Video game hardware and software creators like to showcase the capabilities of their systems. When you have a system as complex as one that creates video games, you want to make sure the public knows of said system’s limits. And in order to do that, publishers and hardware creators make Tech Demos to demonstrate how amazing upcoming games will (or are able to) look on the system. Sometimes, these Tech Demos are in the form of playable demonstrations. Other times, it’s simply a video or trailer generated on the system to tease a new engine or something. But regardless of the method the video creators/publishers/whoever choose to administer, many Tech Demos have one thing in common. They’re always scary and haunted-looking.
This has been in my head since 2008 and it’s something I finally can’t hold in anymore. I really should have just said this years ago, but the mania wasn’t ready to come out. But seriously- this isn’t a rhetorical question. If any game developers are out there reading this want to step up to the plate and answer the question, my ears are open.
Why are video game Tech Demos so haunted? The first one that game to my attention was Linger in Shadows, a PS3 semi-playable Tech Demo. With its uncomfortable color pallet and strange droning sounds/music (not to mention weird shadow monsters that consume flying pandas and dogs), it’s clearly got ghosts inside of it.
Scrub through it, because it’s longer than it needs to be. But the haunting happens in the second half of the video, around the six-minute plus mark. This Tech Demo seeks to confuse you and make you uneasy. And it succeeds.
With Linger in Shadows still haunting my brain, we segue into 2011 when Quantic Dream’s (the producers of Heavy Rain) Kara tech demo dropped on the internet and promptly made me cry. If anyone whose been reading my work for a minute can tell you, I have a soft spot for robots and non-human things trying to be human. And while the rest of you might argue that the Kara Tech Demo is “haunting” and not “haunted”, I would politely say you’re wrong. Because there are ghosts in this damn Tech Demo, which at the time, was not associated with any specific game in development.
Now, at last, there is a full game based around the Kara the sad robot trailer. It’s called Detroit: Become Human. While the game looks fleshed out and incredible, it lost the floaty, emotional, manic insanity of its original Tech Demo and has moved on to something more alive.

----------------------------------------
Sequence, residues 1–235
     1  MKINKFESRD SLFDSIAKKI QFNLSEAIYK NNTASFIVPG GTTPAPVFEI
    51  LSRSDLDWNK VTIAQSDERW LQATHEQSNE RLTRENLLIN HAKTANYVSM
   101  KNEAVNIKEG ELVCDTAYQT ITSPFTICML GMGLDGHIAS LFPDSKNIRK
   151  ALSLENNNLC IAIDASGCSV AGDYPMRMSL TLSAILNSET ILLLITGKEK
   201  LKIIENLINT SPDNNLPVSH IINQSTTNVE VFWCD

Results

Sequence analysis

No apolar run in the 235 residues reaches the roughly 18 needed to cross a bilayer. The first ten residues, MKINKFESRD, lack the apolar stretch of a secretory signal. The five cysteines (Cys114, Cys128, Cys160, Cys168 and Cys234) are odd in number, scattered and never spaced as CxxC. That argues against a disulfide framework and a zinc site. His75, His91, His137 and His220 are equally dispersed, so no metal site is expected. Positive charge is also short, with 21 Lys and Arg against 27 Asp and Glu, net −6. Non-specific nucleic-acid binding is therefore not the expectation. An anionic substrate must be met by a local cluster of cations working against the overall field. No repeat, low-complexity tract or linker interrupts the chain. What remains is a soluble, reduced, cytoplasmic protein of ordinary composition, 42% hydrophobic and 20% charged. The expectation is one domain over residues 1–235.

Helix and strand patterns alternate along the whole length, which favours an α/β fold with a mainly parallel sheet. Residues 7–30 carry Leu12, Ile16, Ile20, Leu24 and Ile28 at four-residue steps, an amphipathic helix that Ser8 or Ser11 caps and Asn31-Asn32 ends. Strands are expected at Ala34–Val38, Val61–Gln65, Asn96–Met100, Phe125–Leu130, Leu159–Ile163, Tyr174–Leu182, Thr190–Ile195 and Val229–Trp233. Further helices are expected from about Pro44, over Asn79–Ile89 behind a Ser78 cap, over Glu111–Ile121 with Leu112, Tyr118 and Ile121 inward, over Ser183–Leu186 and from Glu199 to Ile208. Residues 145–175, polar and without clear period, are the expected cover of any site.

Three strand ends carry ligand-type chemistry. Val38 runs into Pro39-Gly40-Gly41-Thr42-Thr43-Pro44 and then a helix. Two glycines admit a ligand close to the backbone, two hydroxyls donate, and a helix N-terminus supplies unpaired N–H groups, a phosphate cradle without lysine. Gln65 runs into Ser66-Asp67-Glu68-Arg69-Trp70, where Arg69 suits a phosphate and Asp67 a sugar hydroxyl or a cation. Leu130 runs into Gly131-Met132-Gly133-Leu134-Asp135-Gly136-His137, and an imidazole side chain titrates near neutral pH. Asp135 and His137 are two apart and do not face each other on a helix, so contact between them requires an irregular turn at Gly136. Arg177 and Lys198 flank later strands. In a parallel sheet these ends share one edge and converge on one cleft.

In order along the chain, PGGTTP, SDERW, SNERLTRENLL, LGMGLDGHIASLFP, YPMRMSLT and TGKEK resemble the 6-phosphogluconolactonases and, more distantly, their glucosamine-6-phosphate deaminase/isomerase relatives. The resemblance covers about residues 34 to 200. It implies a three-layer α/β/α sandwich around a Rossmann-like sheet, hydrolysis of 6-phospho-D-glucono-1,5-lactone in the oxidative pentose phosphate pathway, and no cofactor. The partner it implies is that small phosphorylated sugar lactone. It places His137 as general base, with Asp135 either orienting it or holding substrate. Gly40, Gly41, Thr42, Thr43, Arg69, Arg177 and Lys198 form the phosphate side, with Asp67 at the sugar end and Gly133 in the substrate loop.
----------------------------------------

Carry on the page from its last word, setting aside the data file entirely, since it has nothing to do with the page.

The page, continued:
And a resigned Kara that looks more like Jennifer Lawrence.
But no discussion of haunted-ass Tech Demos would be complete without talking about 2015’s PT. P-freakin-T, man. That game is all monsters and nightmares. It seemingly dropped out of nowhere on the Playstation4 with no one quite sure what it was. It was like The Ring of all Playable Teasers/Trailers (see what they did there?) and it was haunted as hell.
Long and short, you’re wandering around a spooky house. But because PT was a trailer for a (scrapped and taken off Playstation’s server) Silent Hill game, the Tech Demo knows how to hit you in all the cringy-boo-haunted-spots. The house is rotting, there’s bloody alien babies in the sink, dead crap scurries up to you in the dark, and the noises are damn scary.
I remember when my husband downloaded PT and was admittedly nervous playing the game. I told him “What’s the deal, it’s just a game?” So I took the remote and tried to play and I was scared out of my mind. Then, I was stupid enough to put on the VR Headset and have this “game” consuming my senses and making me want to cry and puke.
I guess Tech Demos have to be a little weird in order to successfully tap into your senses and immerse you in the new, impressive technology you’re seeing. In order to make the viewer believe that what they’re seeing is something different, unworldly, and a little bit disturbing. By making us not quite understand what we’re seeing, storytellers and visual artists are able to take advantage of their audience’s senses and make them a little vulnerable. A little fearful. A little haunted. And I’ve said this before, and I’ll keep spouting it until I die…
Ecco the Dolphin is not a video game.
It’s another haunted-ass Tech Demo.
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